Drug may reduce chronic pain for spinal cord injuries

October 29, 2013  

Riyi Shi in lab coat

Purdue researcher Riyi Shi is leading work to study the role of a known neurotoxin in  chronic pain for people who suffer from paralysis. A drug that has been shown to remove the toxin might be used to treat the pain. (Purdue University photo/Michel Schweinsberg)
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WEST LAFAYETTE, Ind. – Researchers have discovered that a known neurotoxin may cause chronic pain in people who suffer from paralysis, and a drug that has been shown to remove the toxin might be used to treat the pain.

The toxin, called acrolein, is produced in the body after nerve cells are injured, triggering a cascade of biochemical events thought to worsen the injury's severity. The drug hydralazine, which has been approved by the U.S. Food and Drug Administration for hypertension, has been shown to be effective in reducing acrolein levels in the body.

New research shows hydralazine is effective in reducing chronic pain in laboratory animals and potentially in people who have suffered neurotrauma resulting in paralysis, said Riyi Shi (pronounced Ree Shee), a professor of neuroscience and biomedical engineering in Purdue's Department of Basic Medical Sciences, College of Veterinary Medicine, and Weldon School of Biomedical Engineering.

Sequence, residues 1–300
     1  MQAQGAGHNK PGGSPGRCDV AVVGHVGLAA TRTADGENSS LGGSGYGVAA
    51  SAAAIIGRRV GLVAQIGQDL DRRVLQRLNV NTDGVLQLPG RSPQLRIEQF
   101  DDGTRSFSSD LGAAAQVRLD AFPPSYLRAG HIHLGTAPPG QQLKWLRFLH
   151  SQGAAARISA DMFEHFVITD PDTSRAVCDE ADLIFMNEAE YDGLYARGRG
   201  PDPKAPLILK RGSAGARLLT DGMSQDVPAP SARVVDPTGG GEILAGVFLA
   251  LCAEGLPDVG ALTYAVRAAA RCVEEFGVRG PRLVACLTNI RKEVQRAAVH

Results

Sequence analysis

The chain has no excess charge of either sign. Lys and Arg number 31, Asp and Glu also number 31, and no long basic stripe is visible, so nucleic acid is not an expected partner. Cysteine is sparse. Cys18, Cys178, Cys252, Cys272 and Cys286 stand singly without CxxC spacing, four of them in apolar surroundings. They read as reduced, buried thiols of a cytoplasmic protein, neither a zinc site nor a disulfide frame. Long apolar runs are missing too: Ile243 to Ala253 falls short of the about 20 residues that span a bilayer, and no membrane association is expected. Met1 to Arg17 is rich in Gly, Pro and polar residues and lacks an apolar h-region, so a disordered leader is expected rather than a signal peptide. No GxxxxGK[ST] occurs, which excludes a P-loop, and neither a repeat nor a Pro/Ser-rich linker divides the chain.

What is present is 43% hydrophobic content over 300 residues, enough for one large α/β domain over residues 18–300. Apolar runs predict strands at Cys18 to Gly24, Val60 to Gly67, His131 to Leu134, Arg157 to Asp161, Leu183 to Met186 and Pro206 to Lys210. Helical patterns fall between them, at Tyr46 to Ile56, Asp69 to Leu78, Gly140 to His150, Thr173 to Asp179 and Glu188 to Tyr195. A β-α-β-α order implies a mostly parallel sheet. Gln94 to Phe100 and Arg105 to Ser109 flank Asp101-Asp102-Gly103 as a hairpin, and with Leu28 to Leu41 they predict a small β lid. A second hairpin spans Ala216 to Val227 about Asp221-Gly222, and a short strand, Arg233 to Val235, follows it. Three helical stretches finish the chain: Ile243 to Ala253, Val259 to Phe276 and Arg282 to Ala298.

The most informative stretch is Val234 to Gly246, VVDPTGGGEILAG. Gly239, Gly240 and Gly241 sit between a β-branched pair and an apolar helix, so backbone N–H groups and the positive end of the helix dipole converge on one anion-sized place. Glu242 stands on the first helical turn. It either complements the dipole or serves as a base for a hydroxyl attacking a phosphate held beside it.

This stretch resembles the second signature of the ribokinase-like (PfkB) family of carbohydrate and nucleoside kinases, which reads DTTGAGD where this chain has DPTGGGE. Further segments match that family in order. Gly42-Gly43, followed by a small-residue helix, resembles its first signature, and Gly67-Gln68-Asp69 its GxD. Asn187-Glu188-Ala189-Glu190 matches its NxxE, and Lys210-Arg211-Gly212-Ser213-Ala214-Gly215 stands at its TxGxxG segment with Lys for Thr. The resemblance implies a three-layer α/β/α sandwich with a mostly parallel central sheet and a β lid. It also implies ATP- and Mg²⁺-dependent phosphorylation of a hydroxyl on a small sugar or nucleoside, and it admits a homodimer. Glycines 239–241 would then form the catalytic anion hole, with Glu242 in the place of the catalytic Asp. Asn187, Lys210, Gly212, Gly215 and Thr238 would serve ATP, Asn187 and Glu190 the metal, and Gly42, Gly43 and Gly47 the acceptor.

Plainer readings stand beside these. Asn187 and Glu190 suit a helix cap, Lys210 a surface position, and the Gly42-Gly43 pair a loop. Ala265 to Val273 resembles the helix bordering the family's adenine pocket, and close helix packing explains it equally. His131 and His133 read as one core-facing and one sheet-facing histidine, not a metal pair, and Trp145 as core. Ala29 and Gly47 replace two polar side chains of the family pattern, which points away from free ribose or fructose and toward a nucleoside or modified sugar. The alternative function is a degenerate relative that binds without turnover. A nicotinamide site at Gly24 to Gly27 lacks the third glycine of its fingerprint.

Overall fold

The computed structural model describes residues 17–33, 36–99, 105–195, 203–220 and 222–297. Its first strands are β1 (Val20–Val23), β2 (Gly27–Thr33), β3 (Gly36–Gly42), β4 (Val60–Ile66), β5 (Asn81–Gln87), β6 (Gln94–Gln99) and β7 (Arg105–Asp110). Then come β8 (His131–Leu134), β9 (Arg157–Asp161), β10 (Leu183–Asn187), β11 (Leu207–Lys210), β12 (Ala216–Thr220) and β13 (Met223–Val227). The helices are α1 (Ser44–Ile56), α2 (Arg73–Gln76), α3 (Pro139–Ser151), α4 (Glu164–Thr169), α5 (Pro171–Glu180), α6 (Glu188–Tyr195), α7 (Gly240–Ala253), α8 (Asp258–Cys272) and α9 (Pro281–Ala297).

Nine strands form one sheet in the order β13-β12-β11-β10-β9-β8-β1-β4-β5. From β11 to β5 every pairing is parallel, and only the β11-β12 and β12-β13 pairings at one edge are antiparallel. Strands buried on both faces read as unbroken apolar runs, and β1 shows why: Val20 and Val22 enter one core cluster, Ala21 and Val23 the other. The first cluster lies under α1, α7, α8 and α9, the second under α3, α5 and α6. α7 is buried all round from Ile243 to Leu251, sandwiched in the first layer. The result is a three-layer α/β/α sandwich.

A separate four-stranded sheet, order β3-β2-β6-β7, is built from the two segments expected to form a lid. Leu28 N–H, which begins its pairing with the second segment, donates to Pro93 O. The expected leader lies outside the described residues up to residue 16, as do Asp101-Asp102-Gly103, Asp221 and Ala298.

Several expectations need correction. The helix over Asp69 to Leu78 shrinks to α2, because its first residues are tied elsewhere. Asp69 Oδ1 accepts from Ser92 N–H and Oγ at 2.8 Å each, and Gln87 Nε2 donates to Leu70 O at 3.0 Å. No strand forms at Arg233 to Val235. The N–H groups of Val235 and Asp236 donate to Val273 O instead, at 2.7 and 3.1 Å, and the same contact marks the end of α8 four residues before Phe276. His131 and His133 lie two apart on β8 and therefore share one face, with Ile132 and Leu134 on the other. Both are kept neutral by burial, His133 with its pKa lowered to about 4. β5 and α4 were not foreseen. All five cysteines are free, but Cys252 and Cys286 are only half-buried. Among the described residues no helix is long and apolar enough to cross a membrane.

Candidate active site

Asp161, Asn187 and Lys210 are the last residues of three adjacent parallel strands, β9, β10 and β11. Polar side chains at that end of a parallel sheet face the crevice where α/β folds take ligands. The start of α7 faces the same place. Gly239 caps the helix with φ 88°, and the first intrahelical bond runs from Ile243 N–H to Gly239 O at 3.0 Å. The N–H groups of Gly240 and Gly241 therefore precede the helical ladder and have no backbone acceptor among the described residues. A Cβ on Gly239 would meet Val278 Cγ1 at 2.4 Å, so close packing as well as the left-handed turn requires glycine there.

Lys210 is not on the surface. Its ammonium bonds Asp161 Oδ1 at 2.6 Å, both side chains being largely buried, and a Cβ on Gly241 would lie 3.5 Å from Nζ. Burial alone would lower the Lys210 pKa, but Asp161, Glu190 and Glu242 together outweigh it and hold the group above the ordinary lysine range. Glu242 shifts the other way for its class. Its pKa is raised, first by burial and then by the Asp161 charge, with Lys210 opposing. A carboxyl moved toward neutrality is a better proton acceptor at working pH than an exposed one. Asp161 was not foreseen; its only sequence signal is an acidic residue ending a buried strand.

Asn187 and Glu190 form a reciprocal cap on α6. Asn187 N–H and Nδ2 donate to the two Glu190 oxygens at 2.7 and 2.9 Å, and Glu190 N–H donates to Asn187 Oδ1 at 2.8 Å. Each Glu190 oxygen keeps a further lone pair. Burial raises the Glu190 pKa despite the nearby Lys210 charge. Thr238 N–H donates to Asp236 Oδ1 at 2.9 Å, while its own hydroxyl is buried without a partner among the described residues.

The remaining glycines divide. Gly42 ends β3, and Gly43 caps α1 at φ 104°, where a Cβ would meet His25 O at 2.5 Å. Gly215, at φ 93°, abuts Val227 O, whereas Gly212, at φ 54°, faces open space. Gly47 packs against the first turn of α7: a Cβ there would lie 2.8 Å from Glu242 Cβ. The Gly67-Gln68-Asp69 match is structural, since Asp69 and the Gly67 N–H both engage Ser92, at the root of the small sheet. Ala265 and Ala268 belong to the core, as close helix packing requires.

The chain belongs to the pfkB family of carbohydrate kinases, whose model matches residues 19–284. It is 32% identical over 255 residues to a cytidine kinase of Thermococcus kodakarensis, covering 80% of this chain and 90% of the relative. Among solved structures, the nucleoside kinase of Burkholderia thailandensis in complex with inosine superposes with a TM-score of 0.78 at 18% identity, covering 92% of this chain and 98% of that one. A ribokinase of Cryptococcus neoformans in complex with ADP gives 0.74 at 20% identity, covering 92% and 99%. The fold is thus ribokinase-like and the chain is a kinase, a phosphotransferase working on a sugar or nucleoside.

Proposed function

“Beyond paralysis, chronic neuropathic pain drastically impairs the quality of life for spinal cord injury victims. ” he said. “Pain can persist for decades post-injury, which could contribute to depression and suicide.”

The research is a collaboration between Purdue and the Indiana University School of Medicine. New findings are detailed in a research paper appearing this month in the Journal of Neurochemistry. The paper was authored by Michael Due, a postdoctoral fellow at the IU School of Medicine; Purdue graduate students Jonghyuck Park, Lingxing Zheng and Michael Walls; IU graduate student Yohance M. Allette; Fletcher A. White, the V.K. Stoelting Chair of Anesthesia Professor of Pharmacology and Toxicology at IU School of Medicine; and Shi.

Researchers studied the role acrolein plays in hypersensitivity to pain in laboratory rats and the effectiveness of hydralazine in reducing the pain.

 “It turns out that acrolein is a very important compound behind neuropathic pain,” Shi said. “In a chronic pain situation, a stimulus that ordinarily might feel pleasant, even just a little touch, could cause pain.”

Findings show the quantity of acrolein increases after a spinal cord injury and may activate pain receptors - protein channels called TRPA1 - contained in pain-sensory nerve fibers of dorsal root ganglia located alongside the spine. Following spinal cord injury, the dorsal root ganglia could be affected biochemically or directly through physical trauma.